Tennis stars Rafael Nadal or Andy Murray throw their (sweat-soaked) wrist-bands into the crowd after winning a match at Wimbledon. To me this is rather bizarre. What on earth would I do if one of them landed in my lap? But the Romans would have understood, and I would not be surprised if victorious gladiators did something quite similar. The latest exhibition at the British Museum looks at another variation of this behaviour, on a massive scale, that overtook Christianity for over 1,000 years, up to the Reformation in the 1500s. This was the collection of relics associated with saints (usually body parts) and with Jesus Christ (pieces of the cross, thorns from the crown of thorns, etc.).
This is the Treasures of Heaven exhibition. At one level it is a showcase for many wonderful artefacts of exquisite craftsmanship. But the exhibition also explains the practices of this aspect of medieval faith, and gives us an opportunity to reflect on it. There are three aspects in particular that are interesting. First is the obsession with relics – seeing, possessing, touching physical objects that have been associated with somebody holy, in the belief that some of the holiness will be passed on. Second, the importance of saints acting as intermediaries between the faithful and God after their death. Third, the dismemberment of saints’ bodies for use as relics.
The general idea of relics does have a strong resonance in our culture, which persist still – witness the tennis stars’ wrist bands, the obsession with original artworks over copies, and so on. The interest is in their use in this religious context, as that is much less common. It wasn’t part of the Jewish faith from which Christianity grew. This looks like a pagan inheritance from the Romans. An obsession with sacred places, to which pilgrimages are made, was also an important part of medieval devotion, but this is unremarkable by comparison; pretty much all faiths have something similar.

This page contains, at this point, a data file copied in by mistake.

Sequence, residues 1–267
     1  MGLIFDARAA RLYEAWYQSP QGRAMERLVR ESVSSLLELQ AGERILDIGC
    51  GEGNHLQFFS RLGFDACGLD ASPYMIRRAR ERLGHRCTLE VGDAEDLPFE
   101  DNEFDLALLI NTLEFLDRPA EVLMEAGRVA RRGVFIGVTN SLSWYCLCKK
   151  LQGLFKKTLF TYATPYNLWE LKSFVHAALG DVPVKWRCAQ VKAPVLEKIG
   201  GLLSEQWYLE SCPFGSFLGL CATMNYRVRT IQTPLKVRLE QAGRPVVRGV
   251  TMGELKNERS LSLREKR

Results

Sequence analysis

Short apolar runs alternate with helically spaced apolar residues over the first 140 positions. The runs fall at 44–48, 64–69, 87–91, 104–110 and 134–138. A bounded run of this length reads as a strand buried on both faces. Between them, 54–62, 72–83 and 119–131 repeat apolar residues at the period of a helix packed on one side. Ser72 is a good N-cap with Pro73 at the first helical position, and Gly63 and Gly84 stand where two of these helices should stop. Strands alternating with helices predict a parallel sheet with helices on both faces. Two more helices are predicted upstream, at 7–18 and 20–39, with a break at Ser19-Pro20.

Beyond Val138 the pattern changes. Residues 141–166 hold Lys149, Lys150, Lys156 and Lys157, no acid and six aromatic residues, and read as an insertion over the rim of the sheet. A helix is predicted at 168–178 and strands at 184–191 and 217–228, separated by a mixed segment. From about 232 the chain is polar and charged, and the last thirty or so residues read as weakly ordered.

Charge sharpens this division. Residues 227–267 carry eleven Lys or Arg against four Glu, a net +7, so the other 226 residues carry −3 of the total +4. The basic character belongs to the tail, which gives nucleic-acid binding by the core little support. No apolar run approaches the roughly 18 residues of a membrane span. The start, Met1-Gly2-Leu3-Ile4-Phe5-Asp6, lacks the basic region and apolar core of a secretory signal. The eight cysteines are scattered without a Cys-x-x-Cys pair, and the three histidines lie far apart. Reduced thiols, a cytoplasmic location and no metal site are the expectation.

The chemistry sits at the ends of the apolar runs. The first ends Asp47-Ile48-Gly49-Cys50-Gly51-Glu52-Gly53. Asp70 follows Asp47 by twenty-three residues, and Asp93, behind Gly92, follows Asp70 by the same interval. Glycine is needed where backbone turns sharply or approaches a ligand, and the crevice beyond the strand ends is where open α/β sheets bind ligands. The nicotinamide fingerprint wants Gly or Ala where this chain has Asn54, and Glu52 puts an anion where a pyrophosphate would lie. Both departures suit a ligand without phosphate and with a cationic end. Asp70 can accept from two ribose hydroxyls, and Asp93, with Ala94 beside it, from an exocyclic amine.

The practice of worshipping saints looks like an inheritance from pagan polytheism. The jump to monotheism from animism and polytheism is a huge one. In the Jewish faith this seems to have taken quite a long period of time; in the Far East it doesn’t seem to have happened at all, with polytheism evolving directly in atheistic faiths such as Buddhism. Worshipping saints looks like an intermediate step; a similar thing seems to be the case in Shia Islam.
The dismemberment of bodies really is strange though. According to the British Museum, this doesn’t seem to have pagan roots. There is a strong human instinct that bodies should be kept whole. Perhaps it started because so often martyrs’ bodies where dismembered in early Roman persecution.
Once the cult of relics got going, it is very difficult not to be cynical. Most of the relics were clearly forgeries. The practice suited clerical and secular authorities and was exploited by them. Eventually there was a backlash, started by Martin Luther and flowing on through the Reformation. Many relics were destroyed, including virtually all those in Britain. A number have ended up in museums, and so to this exhibition. The Catholic church persists with the practice, but somehow I think most of the power has gone. Saints are seen as examples, and sainthood a sort of posthumous honour – and not as active intermediaries. Relics might be seen as objects for meditation, and not much more.
Meanwhile in popular culture, we have reverted to the idea that dead bodies should be kept whole. A huge fuss was created when a hospital was found to have retained some children’s body parts for research. We expend a lot of effort trying to find bodies after a catastrophe, to act as a focus for memorial and “closure”. As people in Britain drift away from Christianity, they drift back into to a pagan, pre-Christian outlook. Sports and entertainment stars take up the role of deities; people collect and worship their possessions and even sweat; they conduct pilgrimages to their holy sites. But we don’t dismember their bodies after death.